“A livelihood comprises the capabilities, assets (including both material and social resources) and activities required for a means of living. A livelihood is sustainable when it can cope with and recover from stresses and shocks and maintains or enhances its capabilities and assets both now and in the future, while not undermining the natural resource base." From DFID Sustainable Livelihood Approach”

HOPE-A will therefore be an active enterprise, of and for APHCA member countries with the specific aims of:

For HOPE-A, poultry production assistance has a broad meaning. It includes research, development, extension, training and support activities relevant to the production, marketing and management of village poultry in Asia.

HOPE-A will not directly undertake all the above-mentioned activities but will commission groups in Asia such as private, public and non-governmental organizations and individuals to carry out this work under umbrella partnership agreements.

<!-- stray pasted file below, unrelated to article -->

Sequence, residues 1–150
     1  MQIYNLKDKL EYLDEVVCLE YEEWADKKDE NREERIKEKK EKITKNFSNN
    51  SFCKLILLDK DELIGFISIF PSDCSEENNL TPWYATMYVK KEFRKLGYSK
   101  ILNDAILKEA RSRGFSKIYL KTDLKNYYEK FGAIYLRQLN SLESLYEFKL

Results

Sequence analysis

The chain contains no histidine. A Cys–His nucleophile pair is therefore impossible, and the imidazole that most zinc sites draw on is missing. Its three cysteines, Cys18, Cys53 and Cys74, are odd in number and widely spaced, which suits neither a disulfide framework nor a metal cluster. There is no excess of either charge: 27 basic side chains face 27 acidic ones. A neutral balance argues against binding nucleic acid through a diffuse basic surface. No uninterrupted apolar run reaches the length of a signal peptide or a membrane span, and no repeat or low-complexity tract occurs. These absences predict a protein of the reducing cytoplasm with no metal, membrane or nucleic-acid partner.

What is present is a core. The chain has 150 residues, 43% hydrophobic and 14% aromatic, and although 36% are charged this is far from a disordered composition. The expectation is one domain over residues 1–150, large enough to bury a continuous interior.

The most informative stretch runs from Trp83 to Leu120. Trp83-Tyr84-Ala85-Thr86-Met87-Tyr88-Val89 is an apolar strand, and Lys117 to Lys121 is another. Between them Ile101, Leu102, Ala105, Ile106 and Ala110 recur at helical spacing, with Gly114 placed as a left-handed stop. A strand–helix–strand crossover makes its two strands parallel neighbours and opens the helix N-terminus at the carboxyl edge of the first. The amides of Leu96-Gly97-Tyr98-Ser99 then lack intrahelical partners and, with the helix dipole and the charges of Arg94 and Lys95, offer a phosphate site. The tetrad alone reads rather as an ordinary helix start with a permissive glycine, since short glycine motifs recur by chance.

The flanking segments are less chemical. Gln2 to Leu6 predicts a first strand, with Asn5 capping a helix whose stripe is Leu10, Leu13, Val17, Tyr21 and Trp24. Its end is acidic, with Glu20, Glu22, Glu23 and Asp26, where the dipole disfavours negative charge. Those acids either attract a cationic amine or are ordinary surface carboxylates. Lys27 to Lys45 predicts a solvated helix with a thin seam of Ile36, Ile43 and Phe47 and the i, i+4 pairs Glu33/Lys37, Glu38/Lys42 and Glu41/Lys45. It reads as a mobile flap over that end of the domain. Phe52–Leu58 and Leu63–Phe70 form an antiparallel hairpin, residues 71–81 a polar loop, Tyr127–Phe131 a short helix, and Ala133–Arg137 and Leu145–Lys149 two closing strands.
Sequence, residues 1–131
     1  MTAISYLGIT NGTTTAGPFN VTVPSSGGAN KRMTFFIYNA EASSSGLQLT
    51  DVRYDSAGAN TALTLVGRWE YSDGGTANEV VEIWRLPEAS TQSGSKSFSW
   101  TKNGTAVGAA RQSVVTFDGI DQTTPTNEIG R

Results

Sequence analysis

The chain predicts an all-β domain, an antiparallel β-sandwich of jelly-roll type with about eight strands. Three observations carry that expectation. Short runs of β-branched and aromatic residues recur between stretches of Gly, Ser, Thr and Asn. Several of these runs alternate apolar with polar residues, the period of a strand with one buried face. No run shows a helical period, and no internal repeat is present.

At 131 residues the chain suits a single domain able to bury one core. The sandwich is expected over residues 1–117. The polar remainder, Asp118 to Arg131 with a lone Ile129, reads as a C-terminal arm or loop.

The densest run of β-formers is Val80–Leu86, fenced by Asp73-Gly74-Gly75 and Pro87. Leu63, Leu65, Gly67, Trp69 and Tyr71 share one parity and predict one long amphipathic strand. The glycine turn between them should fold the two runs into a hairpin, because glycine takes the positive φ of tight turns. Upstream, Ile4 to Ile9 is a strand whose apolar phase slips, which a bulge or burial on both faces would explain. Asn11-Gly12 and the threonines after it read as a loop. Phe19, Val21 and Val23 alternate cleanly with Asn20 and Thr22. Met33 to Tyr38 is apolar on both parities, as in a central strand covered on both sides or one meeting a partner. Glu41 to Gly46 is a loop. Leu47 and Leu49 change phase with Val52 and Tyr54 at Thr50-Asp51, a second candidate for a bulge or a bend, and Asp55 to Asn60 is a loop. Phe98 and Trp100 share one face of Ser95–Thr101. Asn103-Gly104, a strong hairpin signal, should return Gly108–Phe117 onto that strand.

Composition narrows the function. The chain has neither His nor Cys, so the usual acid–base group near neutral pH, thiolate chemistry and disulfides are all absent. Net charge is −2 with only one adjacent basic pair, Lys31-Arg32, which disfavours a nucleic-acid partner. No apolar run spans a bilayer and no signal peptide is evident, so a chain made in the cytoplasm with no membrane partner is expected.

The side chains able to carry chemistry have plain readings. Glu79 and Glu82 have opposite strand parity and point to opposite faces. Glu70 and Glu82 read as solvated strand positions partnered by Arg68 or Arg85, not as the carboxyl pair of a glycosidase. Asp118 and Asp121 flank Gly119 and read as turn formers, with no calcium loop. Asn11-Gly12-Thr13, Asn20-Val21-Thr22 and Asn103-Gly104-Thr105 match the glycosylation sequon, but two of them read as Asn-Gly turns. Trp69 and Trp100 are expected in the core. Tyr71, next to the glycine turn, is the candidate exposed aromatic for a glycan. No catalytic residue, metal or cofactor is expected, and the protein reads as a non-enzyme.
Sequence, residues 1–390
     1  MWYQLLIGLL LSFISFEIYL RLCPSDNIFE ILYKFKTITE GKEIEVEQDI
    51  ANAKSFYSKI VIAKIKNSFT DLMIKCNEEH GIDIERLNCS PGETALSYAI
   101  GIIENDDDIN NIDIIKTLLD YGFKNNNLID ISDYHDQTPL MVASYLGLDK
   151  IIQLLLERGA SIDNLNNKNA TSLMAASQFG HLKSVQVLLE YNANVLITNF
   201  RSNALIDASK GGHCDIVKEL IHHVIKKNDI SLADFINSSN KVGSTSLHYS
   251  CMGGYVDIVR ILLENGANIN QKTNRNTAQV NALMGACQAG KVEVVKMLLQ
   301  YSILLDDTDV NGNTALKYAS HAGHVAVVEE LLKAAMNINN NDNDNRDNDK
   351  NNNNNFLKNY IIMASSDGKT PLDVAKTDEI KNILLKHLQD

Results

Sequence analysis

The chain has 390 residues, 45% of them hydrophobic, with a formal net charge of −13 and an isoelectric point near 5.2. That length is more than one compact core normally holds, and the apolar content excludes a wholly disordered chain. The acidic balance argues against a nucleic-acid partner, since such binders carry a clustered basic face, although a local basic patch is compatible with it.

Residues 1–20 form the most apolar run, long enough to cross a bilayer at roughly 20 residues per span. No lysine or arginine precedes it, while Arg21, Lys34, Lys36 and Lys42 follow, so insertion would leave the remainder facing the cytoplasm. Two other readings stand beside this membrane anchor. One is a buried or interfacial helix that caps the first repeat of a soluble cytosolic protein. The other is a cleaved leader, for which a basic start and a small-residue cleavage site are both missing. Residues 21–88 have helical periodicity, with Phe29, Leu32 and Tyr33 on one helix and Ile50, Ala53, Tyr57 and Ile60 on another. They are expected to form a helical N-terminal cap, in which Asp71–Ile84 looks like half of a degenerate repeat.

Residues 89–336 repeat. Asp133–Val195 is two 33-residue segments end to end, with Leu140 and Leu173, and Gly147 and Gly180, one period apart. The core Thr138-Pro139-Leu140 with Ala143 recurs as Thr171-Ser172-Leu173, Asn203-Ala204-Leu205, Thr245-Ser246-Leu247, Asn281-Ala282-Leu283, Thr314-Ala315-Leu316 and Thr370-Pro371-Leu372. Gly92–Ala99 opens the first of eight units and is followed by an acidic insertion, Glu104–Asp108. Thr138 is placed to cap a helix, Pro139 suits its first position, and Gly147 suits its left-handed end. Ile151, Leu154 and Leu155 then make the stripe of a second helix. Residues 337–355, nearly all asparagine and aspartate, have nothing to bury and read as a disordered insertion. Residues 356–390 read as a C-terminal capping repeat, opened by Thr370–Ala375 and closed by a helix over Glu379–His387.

HOPE-A, as a legitimate sub-commission of APHCA, will operate within the framework of the APHCA constitution, established 25 year ago, which stipulates management by the members and annual international audit of accounts. APHCA presently consists of 15 member countries; Australia, Bangladesh, Bhutan, India, Indonesia, Iran, Laos, Malaysia, Myanmar, Nepal, Pakistan, Papua New Guinea, Philippines, Sri Lanka, and Thailand. Any country, which is a member of FAO, can easily join APHCA and therefore become a part of HOPE-A by requesting membership in writing, and acknowledging the existence of and willingness to follow the articles of APHCA.

HOPE-A’s postal address is:


Sr. Animal Production and Health Officer, Secretary of APHCA

FAO Regional Office for Asia and the Pacific (RAP)

Maliwan Manion
39 Phra Atit Road
Bangkok 10200, THAILAND

The Challenge

By the year 2020 it is expected that the population in Asia will represents 57% of the world’s population and rural poverty is expected to increase.